Going back to 2008 when Padraig Harrington won the Open Championship and PGA Championship consecutively, its been 17 straight majors without a repeat winner.
Or does the streak reach 18 with a first time winner such as Lee Westwood or Rickie Fowler?
What seems even more likely is that we're all wrong, and a name like Simon Dyson will come away the victor.
Either way, here are five names to watch that are surely to be at the top of the leader board.
Ranked No. 20 in the world, Fowler is due to break into the elite category.
He won the Wells Fargo Championship to go along with four other top-10 finishes in 16 tournaments this year. He finished fifth in the British Open last year after appearing to have a grip on the lead.
Fowler's three rounds of 68 in the last two Open Championships give reason to believe he's ready to break through.
The 23-year-old experienced enough in the last two years that a run in this year's open will show the maturation in his game that has come full circle.
Furyk hasn't played well since his collapse in the U.S. Open, missing the cut at The Greenbrier Classic and a 34th place finish at The AT&T National.
However, prior to those two events Furyk sandwiched fourth place finishes around a 13th place finish in his previous three tournaments.
One of those fourth places included the U.S. Open, where he held the 54 hole lead.
His experience and recent play gives reason to believe he can succeed in this tournament.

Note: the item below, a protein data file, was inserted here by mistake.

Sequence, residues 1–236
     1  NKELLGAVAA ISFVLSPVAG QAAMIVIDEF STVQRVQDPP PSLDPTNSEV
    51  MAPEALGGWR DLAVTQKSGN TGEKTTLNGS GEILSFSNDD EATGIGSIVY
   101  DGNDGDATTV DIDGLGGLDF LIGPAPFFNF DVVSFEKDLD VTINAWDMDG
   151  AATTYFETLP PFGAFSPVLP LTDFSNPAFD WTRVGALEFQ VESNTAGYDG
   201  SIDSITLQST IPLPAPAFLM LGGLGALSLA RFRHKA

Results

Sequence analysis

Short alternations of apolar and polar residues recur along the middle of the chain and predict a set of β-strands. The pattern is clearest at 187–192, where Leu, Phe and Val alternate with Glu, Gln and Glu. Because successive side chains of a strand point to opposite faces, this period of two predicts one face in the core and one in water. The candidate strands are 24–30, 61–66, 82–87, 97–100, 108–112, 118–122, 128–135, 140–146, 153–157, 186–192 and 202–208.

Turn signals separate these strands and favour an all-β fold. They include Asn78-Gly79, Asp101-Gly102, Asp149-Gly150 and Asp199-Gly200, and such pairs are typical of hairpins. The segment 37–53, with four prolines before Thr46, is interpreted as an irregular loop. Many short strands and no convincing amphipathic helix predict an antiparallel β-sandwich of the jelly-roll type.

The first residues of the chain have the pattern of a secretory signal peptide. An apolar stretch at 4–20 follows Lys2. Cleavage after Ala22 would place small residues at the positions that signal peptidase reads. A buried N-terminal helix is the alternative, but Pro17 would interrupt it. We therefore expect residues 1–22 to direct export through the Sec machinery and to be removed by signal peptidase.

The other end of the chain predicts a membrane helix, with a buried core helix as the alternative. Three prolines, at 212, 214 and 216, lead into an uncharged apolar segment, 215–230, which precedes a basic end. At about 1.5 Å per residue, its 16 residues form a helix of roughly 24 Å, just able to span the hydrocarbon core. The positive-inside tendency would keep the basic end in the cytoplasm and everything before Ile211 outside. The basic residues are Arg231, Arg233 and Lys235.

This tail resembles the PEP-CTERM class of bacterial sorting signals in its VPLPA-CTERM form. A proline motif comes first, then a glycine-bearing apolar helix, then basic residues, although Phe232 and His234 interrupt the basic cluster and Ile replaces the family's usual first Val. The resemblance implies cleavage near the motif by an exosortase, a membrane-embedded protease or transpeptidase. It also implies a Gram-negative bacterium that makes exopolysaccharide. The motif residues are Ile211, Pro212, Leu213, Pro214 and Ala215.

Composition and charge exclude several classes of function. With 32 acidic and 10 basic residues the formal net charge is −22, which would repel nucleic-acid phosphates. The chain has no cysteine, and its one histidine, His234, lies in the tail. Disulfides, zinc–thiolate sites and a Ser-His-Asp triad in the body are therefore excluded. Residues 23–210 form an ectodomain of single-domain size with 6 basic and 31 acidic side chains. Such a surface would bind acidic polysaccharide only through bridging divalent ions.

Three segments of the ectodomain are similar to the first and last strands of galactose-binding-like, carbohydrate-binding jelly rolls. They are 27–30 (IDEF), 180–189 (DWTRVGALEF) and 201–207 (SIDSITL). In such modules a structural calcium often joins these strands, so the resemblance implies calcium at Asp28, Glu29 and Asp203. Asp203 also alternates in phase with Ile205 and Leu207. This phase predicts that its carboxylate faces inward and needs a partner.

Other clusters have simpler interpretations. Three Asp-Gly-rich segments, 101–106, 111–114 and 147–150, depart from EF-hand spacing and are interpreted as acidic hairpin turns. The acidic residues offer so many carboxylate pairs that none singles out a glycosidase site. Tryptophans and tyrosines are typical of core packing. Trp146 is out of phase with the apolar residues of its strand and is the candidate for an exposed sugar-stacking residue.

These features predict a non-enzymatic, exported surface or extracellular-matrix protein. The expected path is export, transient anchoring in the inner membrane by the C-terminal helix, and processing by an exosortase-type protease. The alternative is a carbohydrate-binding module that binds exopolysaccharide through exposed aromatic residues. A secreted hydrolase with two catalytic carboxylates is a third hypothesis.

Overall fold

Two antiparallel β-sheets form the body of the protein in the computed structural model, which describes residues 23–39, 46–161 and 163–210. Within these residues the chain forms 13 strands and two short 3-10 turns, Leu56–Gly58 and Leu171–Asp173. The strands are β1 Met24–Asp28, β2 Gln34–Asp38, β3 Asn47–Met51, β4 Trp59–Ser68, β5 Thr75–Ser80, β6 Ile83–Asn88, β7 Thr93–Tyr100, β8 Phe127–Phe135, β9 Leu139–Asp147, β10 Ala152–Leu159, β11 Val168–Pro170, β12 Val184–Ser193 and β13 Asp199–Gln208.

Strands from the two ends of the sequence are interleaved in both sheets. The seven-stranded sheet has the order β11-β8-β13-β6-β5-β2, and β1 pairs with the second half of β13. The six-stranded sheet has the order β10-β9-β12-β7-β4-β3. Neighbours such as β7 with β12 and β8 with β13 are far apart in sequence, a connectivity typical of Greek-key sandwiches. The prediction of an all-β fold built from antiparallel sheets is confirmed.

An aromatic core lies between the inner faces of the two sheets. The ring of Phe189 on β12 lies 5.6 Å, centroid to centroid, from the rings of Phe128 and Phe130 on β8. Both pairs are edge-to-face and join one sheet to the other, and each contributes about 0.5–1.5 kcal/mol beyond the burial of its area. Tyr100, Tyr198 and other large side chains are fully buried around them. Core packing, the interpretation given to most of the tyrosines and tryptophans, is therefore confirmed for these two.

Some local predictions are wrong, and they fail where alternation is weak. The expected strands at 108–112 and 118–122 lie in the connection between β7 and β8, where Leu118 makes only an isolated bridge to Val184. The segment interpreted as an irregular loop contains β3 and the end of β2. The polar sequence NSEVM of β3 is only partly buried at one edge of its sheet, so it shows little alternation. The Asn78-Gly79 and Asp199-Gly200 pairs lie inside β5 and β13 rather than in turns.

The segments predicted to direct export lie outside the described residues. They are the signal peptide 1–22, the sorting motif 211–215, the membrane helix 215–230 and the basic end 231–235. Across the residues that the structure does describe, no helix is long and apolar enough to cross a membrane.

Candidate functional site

With over 200 bunkers at Royal Lytham, Furyk's sand play will be crucial. Fortunately for him, he ranks 7th in sand saves on the PGA Tour.
After bouncing back from a disappointing final round at the 2011 Masters with a dominating win in the U.S. Open, Rory McIlroy was virtual lock to be the next Tiger Woods. He then went on to become the World No. 1.
Somewhere along the way, McIlroy forgot he still had to win—or at least make the cut—to live up to both accolades.
He's missed three of the past four cuts, with a 7th place finish at the St. Jude Classic and a runner-up performance to Rickie Fowler at the Wells Fargo Championship.
If McIlroy is to bounce back, there's no better place to do it than the British Open.
If he doesn't, the pressure will mount for McIlroy.
With three top-15 finishes in his past five tournaments, Kuchar is a model of consistency on the golf course.
He won't cost himself with inexcusable errors. And he's ready to take the next step.
The 13th rated player at saves, Kuchar's game fits well at Royal Lytham.
At a course where many players will shoot their way out of contention, look for Kuchar to remain steady. If other players falter, Kuchar is a good bet to be there waiting to take advantage.
First and foremost, he's the greatest to ever play the game.
He won the Memorial, bombed a major, followed by a win at the AT&T National and missing the cut at Greenbrier.
Isn't he due to win, according to that trend?
He's fifth in driving and ninth in greens in regulation on the PGA Tour, both major factors in this weekend's tournament.
But most important, isn't he just fun to watch?
When Tiger Woods is golfing, people are watching. You won't want to miss this.